The Anchorage Daily News asked candidates for U.S. House running in the special primary election to answer a series of questions. Read all of their responses here.
J.R. MYERS, Libertarian from Cut Bank, Montana
What in your background qualifies you to represent Alaskans in Congress?
I am an Alaskan. I have been in service to Alaska for many years. I meet the Constitutional requirements. I strongly believe in our Republican form of government. I am a student of history. I understand how the system was designed to work. I know it isn’t working well now. I understand that Congress must exercise its rightful authority as the house of the people. I’ve been to the Washington, D.C. swamp, and I know what to expect. I know you need to put on good boots in snake country, and get ready to stomp!
Why are you running for U.S. Congress in Alaska?
I seek to represent all Alaskans, not just special interests. I’ve had a lifetime love affair with Alaska since 1964, when I lived in Anchorage as a toddler and learned how to walk and talk there. Now, I would like to focus on leaving something better for the next generations. We have witnessed the erosion of our liberties and quality of lives under the oppressive regimes of the old guard. We can do better. I will be the bold voice Alaskans want, need and deserve to speak truth to distant power!
What would be your top priority if elected to Congress?
Life, liberty and the pursuit of happiness for all through constitutional governance, due process and the rule of law. To promote term limits and election integrity. To defend the entire Constitution. To end the war on drugs, and all other illegal and undeclared wars. To resist an imperial presidency and unlawful executive orders. To decentralize power and to encourage more accountable servant leadership in government, and to promote prosperity by more responsible stewardship of our resources.
What is your position on abortion?
I oppose abortion altogether, except to save the life of the mother. I believe in the right to life for all innocents, from conception to natural death. I oppose abortion, euthanasia, assisted suicide, capital punishment (in the absence of justice), police killings and war. It is imperative that we vigorously defend a culture of life, or we will fall to the culture of death.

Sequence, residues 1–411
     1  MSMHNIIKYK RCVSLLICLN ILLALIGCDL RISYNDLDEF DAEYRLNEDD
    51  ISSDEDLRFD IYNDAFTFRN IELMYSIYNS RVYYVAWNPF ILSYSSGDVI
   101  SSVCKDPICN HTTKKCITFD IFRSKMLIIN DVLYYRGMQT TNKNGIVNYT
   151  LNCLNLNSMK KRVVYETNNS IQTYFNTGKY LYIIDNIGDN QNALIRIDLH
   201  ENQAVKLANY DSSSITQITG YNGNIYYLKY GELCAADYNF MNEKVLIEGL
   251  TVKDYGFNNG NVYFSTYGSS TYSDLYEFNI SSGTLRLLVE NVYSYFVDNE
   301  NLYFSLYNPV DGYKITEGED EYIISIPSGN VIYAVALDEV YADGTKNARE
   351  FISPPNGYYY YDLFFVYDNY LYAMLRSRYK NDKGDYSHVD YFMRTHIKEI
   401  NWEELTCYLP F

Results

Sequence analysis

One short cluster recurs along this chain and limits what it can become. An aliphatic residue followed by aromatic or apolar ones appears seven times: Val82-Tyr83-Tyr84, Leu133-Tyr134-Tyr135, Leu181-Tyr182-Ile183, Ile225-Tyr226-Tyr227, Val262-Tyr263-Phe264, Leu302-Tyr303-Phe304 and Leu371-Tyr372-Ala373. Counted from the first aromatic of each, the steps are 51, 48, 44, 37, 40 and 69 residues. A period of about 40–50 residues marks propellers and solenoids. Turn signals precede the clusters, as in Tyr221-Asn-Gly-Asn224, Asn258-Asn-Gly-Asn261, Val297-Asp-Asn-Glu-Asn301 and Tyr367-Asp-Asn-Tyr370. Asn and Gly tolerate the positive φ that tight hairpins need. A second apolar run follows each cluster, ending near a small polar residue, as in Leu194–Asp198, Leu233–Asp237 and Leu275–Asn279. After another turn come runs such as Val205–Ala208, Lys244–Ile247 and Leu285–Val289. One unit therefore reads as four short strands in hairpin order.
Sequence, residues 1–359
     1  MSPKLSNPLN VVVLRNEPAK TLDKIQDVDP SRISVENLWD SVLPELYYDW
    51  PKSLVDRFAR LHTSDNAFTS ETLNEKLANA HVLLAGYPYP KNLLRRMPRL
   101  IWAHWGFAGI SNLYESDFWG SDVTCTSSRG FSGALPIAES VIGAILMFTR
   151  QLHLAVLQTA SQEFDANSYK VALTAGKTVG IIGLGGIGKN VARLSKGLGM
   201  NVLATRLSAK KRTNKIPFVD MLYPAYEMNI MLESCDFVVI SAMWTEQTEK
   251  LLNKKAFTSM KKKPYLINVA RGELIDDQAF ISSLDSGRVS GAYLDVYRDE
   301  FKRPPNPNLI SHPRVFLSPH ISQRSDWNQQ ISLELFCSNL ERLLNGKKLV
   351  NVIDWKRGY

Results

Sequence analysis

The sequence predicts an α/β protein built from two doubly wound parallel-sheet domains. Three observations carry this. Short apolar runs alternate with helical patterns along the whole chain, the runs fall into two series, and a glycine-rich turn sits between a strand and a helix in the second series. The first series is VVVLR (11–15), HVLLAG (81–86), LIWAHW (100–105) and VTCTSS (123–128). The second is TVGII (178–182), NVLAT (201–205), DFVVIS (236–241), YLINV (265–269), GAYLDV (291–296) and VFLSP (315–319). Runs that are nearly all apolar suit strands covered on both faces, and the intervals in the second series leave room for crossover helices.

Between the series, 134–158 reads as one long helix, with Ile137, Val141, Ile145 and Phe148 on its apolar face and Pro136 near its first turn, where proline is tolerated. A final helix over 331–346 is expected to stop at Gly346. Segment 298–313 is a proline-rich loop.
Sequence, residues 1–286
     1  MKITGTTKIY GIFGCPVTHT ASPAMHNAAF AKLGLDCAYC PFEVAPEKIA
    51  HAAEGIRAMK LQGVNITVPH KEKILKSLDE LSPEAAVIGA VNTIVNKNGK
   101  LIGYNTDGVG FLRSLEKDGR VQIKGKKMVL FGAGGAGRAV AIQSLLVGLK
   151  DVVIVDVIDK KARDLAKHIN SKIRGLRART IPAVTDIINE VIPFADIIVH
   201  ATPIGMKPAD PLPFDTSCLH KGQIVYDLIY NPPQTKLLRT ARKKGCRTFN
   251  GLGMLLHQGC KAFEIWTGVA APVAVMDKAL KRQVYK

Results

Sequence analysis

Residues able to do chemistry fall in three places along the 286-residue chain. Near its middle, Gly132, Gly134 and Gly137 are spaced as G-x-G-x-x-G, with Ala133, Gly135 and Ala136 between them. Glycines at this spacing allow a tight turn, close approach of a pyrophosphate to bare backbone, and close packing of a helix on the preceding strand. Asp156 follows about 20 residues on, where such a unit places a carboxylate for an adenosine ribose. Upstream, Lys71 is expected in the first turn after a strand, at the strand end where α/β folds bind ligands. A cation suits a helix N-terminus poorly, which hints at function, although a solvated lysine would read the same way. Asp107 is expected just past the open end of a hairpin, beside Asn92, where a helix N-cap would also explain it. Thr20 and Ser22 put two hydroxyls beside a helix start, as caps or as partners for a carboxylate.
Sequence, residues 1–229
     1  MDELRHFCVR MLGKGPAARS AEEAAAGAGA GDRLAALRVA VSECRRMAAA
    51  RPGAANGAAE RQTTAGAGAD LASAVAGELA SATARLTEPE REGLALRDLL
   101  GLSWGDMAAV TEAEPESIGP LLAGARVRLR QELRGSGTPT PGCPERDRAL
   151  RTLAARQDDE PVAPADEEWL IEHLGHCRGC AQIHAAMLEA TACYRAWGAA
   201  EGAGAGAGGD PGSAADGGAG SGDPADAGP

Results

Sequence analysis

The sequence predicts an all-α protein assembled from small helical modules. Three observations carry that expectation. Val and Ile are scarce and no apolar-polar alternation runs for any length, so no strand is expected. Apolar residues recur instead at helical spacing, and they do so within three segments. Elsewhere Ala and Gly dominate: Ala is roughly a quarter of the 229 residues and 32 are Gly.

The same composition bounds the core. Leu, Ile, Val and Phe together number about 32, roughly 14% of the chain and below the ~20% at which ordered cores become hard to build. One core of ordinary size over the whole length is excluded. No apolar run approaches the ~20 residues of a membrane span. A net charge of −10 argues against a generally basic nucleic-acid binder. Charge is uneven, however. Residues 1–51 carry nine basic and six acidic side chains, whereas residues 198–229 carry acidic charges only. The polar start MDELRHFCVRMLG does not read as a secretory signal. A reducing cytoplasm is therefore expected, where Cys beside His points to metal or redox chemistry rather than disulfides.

If legislation came before the U.S. House that would guarantee the same abortion rights nationwide as the Roe v. Wade decision, how would you vote?
If you oppose abortion rights, how should the federal government support a person who is forced to carry their baby to term against their wishes?
We must proactively foster a life-affirming culture. The federal government can assist the states in assuming those supports, promoting decentralization of power, as it withdraws from those arenas. Those supports include social, financial, medical and educational. Not all of these must be provided directly by government, but many will be. It is up to those who want nongovernmental solutions to develop viable alternative structures through organizations such as foundations, co-ops and non-governmental organizations. Ultimately, it will be the states, local communities and families that prioritize life.
Would you support a bill, if it came before the House, to expand the size of the U.S. Supreme Court? Why or why not?
No, nine justices is a good number for balance. Any larger court would be unwieldy. Now, more than ever, we need to stabilize the Supreme Court and its public credibility.